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Country and Western Music in New England
Merging scholarly insight with a professional guitarist's keen sense of the musical life, Yankee Twang delves into the rich tradition of country & western music that is played and loved in the mill towns and cities of the American northeast. Clifford R. Murphy draws on a wealth of ethnographic material, interviews, and encounters with recorded and live music to reveal the central role of country and western in the social lives and musical activity of working-class New Englanders. As Murphy shows, an extraordinary multiculturalism informed by New England's kaleidoscope of ethnic groups created a distinctive country and western music style. But the music also gave--and gives--voice to working-class feeling. Yankee country and western emphasizes the western , reflecting the longing for the mythical cowboy's life of rugged but fulfilling individualism. Indeed, many New Englanders use country and western to comment on economic disenfranchisement and express their resentment of a mass media, government, and Nashville music establishment they believe neither reflects nor understands their life experiences.
A Biography of Major General Peter Osterhaus
As Brian C. Wilson describes them in this highly readable and entertaining book, Yankees — defined by their shared culture and sense of identity — had a number of distinctive traits and sought to impose their ideas across the state of Michigan.
After the ethnic label of "Yankee" fell out of use, the off spring of Yankees appropriated the term "Midwesterner." So fused did the identities of Yankee and Midwesterner become that understanding the larger story of America's Midwestern regional identity begins with the Yankees in Michigan.
America and Americans in Russian Literary Perception
In Nikolai Chernyshevsky’s What Is to Be Done?, one of the protagonists feigns suicide and goes to America. In Fedor Dostoevsky’s Crime and Punishment, Svidrigailov, announces: “I’m going to America,” then commits suicide. When in America—“on the other shore,” as Russians sometimes put it—Russian émigré characters and writers often feel that, although they have now acquired a new life, this life approximates a posthumous experience. Although the country across the ocean had already begun to acquire concrete historical features in the Russian mind by the last quarter of the eighteenth century, connotations of the Other World, the land on the other side of earthly existence, still lurk in the background of literary texts about the New World. This mythological perception of the New World is not exclusively Russian, but in Russia the mythological concept gained a specificity and a concrete form that persisted through many eras and appeared in the works of very different authors.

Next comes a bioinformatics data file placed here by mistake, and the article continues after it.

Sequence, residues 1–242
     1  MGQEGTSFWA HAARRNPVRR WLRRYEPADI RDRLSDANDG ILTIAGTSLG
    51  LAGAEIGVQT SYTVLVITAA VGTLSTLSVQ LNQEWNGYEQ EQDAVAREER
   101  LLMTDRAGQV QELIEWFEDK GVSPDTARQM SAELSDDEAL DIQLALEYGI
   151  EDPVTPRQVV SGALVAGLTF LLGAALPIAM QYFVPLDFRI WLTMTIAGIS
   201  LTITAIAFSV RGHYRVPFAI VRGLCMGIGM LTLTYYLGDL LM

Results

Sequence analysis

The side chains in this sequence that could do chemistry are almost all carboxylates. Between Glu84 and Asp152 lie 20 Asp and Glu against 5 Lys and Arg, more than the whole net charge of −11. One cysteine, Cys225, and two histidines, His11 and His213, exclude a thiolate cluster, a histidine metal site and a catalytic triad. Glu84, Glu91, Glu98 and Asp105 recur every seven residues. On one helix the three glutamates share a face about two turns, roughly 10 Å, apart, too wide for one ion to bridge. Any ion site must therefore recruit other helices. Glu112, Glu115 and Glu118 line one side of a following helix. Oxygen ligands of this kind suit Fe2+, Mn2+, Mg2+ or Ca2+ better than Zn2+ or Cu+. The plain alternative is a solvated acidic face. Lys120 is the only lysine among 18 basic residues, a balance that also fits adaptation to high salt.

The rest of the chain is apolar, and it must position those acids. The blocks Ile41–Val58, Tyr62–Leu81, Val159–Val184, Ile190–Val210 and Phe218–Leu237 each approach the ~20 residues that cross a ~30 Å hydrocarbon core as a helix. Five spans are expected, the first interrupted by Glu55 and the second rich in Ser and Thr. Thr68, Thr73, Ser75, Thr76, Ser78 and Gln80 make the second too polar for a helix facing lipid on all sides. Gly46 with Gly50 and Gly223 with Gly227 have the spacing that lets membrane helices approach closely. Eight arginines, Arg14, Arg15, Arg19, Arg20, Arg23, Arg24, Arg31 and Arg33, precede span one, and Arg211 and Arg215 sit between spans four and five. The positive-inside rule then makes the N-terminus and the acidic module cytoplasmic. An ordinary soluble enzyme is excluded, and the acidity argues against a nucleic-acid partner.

Integration in a Deep-Southern Town
In 1970 Brown v. Board of Education was sixteen years old, and fifteen years had passed since the Brown II mandate that schools integrate “with all deliberate speed.” Still, after all this time, it was necessary for the U.S. Supreme Court to order thirty Mississippi school districts—whose speed had been anything but deliberate—to integrate immediately. One of these districts included Yazoo City, the hometown of writer Willie Morris. Installed productively on “safe, sane Manhattan Island,” Morris, though compelled to write about this pivotal moment, was reluctant to return to Yazoo and do no less than serve as cultural ambassador between the flawed Mississippi that he loved and a wider world. “I did not want to go back,” Morris wrote. “I finally went home because the urge to be there during Yazoo’s most critical moment was too elemental to resist, and because I would have been ashamed of myself if I had not.” The result, Yazoo, is part reportage, part memoir, part ethnography, part social critique—and one of the richest accounts we have of a community’s attempt to come to terms with the realities of seismic social change. As infinitely readable and nuanced as ever, Yazoo is available again, enhanced by an informative foreword by historian Jenifer Jensen Wallach and a warm and personal afterword on Morris’s writing life by his widow, JoAnne Prichard Morris.
A Vision for our Century
The Journal of a Hudson’s Bay Company Winterer
Anthony Henday, a young Hudson’s Bay Company employee, set out from York Factory in June 1754 to winter with “trading Indians” along the Saskatchewan River. He adapted willingly and easily to their way of life; he also kept a journal in which he described the plains region and took note of rival French traders’ success at their inland posts. A copy of Henday’s journal was immediately sent to the company directors in London. They rewarded Henday handsomely although they were uncertain where he had travelled, what groups he had met on the plains, and what success he had in opposing rival French traders. Since then, uncertainty about Henday’s year inland has increased. The original journal disappeared; only four copies, dating from 1755 to about 1782, are extant. Each text differs from the other three; the differences range from variant spellings to word choice to contradictory statements on vital questions. All four copies are the work of a company clerk, later factor, named Andrew Graham, who used them to support his own views on HBC trading policies. Twentieth-century scholars have based their claims for Henday’s importance as an explorer, trader and observer of Native cultures on a poorly edited transcript of the 1782 text. They have been unaware or careless of the journal’s textual ambiguity. A Year Inland presents all four copies for the first time, together with contextual notes and a commentary that reassesses the journal’s information on plains geography, people and trade.
Discovering Where We Live